There was one particular instance that opened the company's eyes to the power of social media. It happened at last summer's Farm Progress Show in Boone, Iowa, when the company learned, much to its surprise, that some Wall Street analysts had been following an agronomist's blog that chronicled the progress of Monsanto's "Golden Acre" plot, which showcases some of its crops under development.
But just Google the company's name and it quickly becomes obvious that blogs and social media haven't been kind to Monsanto, based in Creve Coeur.
Monsanto has been in the cross hairs of social activists for decades, going back to its days as a maker of Agent Orange and PCBs. That didn't change with the company's new focus on biotech and agriculture.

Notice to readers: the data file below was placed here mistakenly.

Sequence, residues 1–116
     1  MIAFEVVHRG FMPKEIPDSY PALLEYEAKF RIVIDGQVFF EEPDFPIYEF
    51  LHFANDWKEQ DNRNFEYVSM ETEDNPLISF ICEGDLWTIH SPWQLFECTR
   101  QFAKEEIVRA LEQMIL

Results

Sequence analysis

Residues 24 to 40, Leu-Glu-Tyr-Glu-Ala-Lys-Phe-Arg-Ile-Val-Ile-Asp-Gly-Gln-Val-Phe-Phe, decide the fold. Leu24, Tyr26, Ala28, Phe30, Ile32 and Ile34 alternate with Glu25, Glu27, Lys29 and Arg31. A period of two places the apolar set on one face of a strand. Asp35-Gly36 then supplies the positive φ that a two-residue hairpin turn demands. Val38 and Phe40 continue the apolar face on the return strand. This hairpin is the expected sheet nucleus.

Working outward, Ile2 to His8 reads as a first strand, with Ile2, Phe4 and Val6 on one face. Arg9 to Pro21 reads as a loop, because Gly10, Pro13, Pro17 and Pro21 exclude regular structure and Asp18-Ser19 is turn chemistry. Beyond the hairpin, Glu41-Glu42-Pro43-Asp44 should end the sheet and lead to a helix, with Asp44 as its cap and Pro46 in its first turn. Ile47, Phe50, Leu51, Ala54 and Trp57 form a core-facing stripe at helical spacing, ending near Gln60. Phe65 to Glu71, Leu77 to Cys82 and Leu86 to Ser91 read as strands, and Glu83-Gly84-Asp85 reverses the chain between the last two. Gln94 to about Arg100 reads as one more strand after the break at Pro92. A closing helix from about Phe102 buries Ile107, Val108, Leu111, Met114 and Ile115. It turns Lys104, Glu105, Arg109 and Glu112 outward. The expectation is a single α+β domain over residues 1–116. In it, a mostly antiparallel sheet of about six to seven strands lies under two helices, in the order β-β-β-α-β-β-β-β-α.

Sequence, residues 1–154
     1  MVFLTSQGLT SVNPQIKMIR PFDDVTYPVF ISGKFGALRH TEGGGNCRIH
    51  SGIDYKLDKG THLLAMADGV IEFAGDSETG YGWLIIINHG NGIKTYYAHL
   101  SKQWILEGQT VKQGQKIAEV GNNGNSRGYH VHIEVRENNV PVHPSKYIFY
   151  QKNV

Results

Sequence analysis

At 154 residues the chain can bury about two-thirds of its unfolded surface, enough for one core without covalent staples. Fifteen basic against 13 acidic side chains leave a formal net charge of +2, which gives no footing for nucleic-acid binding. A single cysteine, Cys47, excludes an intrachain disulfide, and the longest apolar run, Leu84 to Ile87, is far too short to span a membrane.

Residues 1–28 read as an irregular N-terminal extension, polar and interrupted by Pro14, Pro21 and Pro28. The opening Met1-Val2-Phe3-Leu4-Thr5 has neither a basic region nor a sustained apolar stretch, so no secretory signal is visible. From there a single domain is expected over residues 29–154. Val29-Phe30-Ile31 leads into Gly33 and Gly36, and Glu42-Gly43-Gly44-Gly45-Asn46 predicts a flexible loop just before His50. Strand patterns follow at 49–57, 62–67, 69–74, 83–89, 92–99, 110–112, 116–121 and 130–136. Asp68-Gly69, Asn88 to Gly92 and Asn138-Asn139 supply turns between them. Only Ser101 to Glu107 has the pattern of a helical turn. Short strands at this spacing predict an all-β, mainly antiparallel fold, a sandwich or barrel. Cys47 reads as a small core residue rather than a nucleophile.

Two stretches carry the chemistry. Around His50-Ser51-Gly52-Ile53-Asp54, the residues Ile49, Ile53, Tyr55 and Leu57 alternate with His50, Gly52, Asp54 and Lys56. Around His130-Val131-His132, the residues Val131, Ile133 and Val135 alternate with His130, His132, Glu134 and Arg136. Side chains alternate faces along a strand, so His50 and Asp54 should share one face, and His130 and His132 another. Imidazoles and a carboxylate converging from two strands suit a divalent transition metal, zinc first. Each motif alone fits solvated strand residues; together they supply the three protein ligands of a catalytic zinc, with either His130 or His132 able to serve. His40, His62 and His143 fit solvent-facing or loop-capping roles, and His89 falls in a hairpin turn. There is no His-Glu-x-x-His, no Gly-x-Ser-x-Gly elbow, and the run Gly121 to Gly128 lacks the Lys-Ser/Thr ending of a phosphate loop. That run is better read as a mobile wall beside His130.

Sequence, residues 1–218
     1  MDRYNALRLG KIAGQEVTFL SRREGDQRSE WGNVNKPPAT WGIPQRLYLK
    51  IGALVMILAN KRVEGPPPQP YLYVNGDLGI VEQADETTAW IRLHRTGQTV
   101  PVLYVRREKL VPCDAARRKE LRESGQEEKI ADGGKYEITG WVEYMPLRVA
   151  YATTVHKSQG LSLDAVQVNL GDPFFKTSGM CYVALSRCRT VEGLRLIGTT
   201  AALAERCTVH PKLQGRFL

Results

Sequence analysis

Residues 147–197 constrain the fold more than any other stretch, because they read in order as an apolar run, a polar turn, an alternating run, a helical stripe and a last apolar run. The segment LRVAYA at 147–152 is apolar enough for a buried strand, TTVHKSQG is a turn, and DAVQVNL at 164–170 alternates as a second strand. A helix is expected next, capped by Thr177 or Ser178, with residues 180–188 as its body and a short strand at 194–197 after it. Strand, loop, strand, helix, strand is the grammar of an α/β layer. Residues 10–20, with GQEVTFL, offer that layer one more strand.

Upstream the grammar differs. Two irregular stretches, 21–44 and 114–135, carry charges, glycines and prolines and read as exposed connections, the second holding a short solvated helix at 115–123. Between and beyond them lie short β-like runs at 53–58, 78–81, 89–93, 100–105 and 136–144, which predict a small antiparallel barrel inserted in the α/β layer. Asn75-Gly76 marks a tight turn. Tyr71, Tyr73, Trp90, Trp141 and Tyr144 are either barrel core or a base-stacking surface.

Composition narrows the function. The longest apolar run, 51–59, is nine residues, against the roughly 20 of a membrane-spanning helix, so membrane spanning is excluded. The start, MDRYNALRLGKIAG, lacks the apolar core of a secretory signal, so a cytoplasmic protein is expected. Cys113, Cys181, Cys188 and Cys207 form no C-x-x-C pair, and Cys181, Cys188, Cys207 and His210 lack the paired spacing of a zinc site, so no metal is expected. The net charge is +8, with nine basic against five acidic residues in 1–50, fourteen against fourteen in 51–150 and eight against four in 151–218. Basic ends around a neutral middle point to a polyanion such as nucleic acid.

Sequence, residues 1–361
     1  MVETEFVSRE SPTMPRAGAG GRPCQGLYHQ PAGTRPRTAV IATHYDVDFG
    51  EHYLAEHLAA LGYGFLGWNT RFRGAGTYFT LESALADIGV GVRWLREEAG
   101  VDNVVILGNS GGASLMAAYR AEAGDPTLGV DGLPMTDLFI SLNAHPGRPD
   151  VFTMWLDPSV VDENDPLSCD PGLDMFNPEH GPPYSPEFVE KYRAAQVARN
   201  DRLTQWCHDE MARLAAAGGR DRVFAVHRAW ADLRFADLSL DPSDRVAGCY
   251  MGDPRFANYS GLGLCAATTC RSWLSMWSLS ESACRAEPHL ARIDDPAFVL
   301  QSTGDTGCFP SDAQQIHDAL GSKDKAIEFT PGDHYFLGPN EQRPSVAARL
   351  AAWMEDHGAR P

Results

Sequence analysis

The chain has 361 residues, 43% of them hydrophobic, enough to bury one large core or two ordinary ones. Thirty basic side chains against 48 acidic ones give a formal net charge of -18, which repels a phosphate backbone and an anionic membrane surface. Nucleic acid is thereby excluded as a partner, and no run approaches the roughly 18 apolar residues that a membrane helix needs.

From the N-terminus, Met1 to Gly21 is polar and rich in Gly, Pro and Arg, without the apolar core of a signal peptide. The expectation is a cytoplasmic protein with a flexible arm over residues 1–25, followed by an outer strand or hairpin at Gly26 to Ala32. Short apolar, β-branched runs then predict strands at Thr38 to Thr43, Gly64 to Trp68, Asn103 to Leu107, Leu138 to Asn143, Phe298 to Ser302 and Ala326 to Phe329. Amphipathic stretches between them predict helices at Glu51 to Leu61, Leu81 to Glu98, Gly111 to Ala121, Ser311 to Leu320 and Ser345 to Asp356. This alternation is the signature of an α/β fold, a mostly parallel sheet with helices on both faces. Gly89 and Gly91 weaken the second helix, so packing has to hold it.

A decade ago, activists expressed themselves by torching fields of genetically modified crops and throwing tofu cream pies at Monsanto's chairman. These days, activists are challenging the company through the use of YouTube videos and countless blogs that demonize GMOs.
Facebook, the social networking site, is full of anti-Monsanto groups, including one, Millions Against Monsanto, with more than 22,000 members. Another group's avatar depicts CEO Hugh Grant with a handful of soybeans. Below the words: "No Food Shall Be Grown That We Don't Own." It seems there's a way to revile the company in any language.
Nora Ganim Barnes has studied corporate use of social media at the Center for Marketing Research at the University of Massachusetts at Dartmouth, and urges companies to not let online criticism go unchallenged.
"We advise companies to listen to what's being said about them in social media and get into social media to reply," she said.
One example of a company that effectively did that is PC maker Dell Corp. Dell-bashing escalated a few years ago, giving rise to the term "Dell Hell." When the company finally started its own blog, it became the forum of choice for critics.